You Think Phones Are Smart?
Smartphones? So last century. Driverless cars? Just hang around another 89 years. In Physics of the Future: How Science Will Shape Human Destiny and Our Daily Lives by the Year 2100 (Doubleday), theoretical physicist Michio Kaku predicts a future in which nearly everything we touch will be connected to the Internet. “You’ll blink and you’ll go online — it’s coming faster than you think,” says Kaku, a City College professor and co-founder of string field theory.
Signs of the Times
In his ninth book of poetry, Horoscopes for the Dead, former U.S. Poet Laureate Billy Collins “rules as a charming master of mischievous wisdom,” declared a Booklist review. Random House, the publisher, summarizes the longtime Lehman College professor’s latest collection: “Smart, lyrical, and not afraid to be funny, these new poems extend Collins’ reputation as a poet who occupies a special place in the consciousness of readers of poetry, including the many he has converted to the genre.”
A ‘Masterful’ Biography
Mightier Than the Sword: Uncle Tom’s Cabin and the Battle for America by David S. Reynolds (W.W. Norton), collected much advance praise: “nothing less than an intellectual feast,” “…his best book yet. … Deeply researched and compulsively readable… .” Reynolds is Distinguished Professor of English and American Studies at Baruch College and the CUNY Graduate Center. Also, two of his previous books have just been reissued: major award winner Walt Whitman’s America: A Cultural Biography and Beneath the American Renaissance: The Subversive Imagination in the Age of Emerson and Melville (both from Alfred A. Knopf).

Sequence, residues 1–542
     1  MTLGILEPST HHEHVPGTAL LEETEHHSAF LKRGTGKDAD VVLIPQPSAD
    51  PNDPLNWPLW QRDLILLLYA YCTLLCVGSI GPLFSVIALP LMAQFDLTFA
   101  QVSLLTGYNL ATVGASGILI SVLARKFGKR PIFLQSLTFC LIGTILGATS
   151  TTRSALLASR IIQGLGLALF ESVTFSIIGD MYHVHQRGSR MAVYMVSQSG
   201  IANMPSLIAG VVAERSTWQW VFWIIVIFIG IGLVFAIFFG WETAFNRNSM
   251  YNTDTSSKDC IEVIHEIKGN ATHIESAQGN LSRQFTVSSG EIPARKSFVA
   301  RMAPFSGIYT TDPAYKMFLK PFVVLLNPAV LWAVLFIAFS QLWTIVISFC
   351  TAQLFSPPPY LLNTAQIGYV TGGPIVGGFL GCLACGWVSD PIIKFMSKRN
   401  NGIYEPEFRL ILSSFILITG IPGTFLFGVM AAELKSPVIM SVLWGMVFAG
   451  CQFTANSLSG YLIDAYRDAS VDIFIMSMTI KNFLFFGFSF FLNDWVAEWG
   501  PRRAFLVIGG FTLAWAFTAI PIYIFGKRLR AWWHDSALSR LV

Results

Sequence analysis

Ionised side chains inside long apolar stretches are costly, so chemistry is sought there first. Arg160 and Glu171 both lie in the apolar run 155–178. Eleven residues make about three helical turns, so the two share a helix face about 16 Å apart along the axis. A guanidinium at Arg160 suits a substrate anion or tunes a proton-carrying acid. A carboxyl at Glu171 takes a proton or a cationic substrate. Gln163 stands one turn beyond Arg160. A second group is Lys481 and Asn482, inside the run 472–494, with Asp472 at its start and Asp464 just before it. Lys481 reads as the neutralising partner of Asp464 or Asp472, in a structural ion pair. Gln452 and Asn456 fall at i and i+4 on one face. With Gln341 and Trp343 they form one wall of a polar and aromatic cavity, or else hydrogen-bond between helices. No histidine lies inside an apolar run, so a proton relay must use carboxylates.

David Hamilton Golland’s Constructing Affirmative Action: The Struggle for Equal Employment Opportunity (Lexington: University Press of Kentucky) has been described as novel in its approach and meticulously researched, bridging a wide gap in the literature on the history of affirmative action. Golland, an adjunct assistant professor of history at Bronx Community College and the College of Staten Island, analyzes how community activism pushed the federal government to address issues of racial exclusion and marginalization in the construction industry with programs in key American cities.